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I am reading a book about C# and CLR and a can`t understand one thing. The text going below:

To fix this race condition, many developers write the OnNewMail method as follows:

// Version 2
protected virtual void OnNewMail(NewMailEventArgs e) {
    EventHandler<NewMailEventArgs> temp = NewMail;
    if (temp != null) temp(this, e);
}

The thinking here is that a reference to NewMail is copied into a temporary variable, temp, which refers to the chain of delegates at the moment the assignment is performed. Now, this method compares temp and null and invokes temp, so it doesn’t matter if another thread changes NewMail after the assignment to temp. Remember that delegates are immutable and this is why this technique works in theory.

So, the question is: why should it work? The temp and the NewMail objects are refer to the same object, i think, and no matters which has to be changed - the result will be affecting for both. Thanks!

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  • It would be awesome if you could provide a minimal reproducible example. Also please be explicit about the name and page number of the book.
    – mjwills
    Mar 24, 2019 at 9:20
  • They refer to the same object but they are two separate variables (They are just two locations in memory with values that, at certain point in time, happen to be the same and both values are referencing the memory occupied by the original object). If you change the value of one variable to something different the other one still has the value (a reference) to the object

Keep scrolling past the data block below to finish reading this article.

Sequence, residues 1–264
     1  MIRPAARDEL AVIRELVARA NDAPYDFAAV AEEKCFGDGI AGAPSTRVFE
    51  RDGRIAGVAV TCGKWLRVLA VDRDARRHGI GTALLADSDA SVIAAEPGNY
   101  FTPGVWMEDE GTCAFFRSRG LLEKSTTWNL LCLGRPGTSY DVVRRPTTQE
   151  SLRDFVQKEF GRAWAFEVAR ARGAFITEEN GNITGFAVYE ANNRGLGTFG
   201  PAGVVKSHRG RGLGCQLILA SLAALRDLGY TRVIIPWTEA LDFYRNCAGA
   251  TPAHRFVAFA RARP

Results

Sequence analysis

– Steve
    Mar 24, 2019 at 9:21
  • The temp and the NewMail objects are refer to the same object No, they are two variables pointing at the same object. If NewMail is assigned to a new object, then you will then have two variables pointing to two different objects. Assigning to one variable won't impact another variable.
    – mjwills
    Mar 24, 2019 at 9:21
  • ok, i think i should to read more about subcribing. thank you. Mar 24, 2019 at 9:29
  • You need to understand better the concept of value types and reference types
    – Steve
    Mar 24, 2019 at 9:31

2 Answers 2

1

The delegate types in CLR and MulticastDelegate type in particular, despite the fact that they are the reference types, belong to to the rare group of types called "immutable" types. This implies that the reference assignment operation for such types creates copy of an instance unlike the assignment of regular reference types which just copies the values of references. So when you write:

EventHandler<NewMailEventArgs> temp = NewMail;

the new copy of delegate referenced by NewMail is created and reference to this copy is assigned to the temp variable, so after execution of this line there will be two instances of the EventHandler<NewMailEventArgs> delegate: the instance referenced by NewMail and another instance referenced by temp (not a single instance referenced by two varaibles as you might think). That's why now you can safely call the delegate pointed by temp because it can't be null-ed by another thread during a period of time when the delegate is being invoked.

1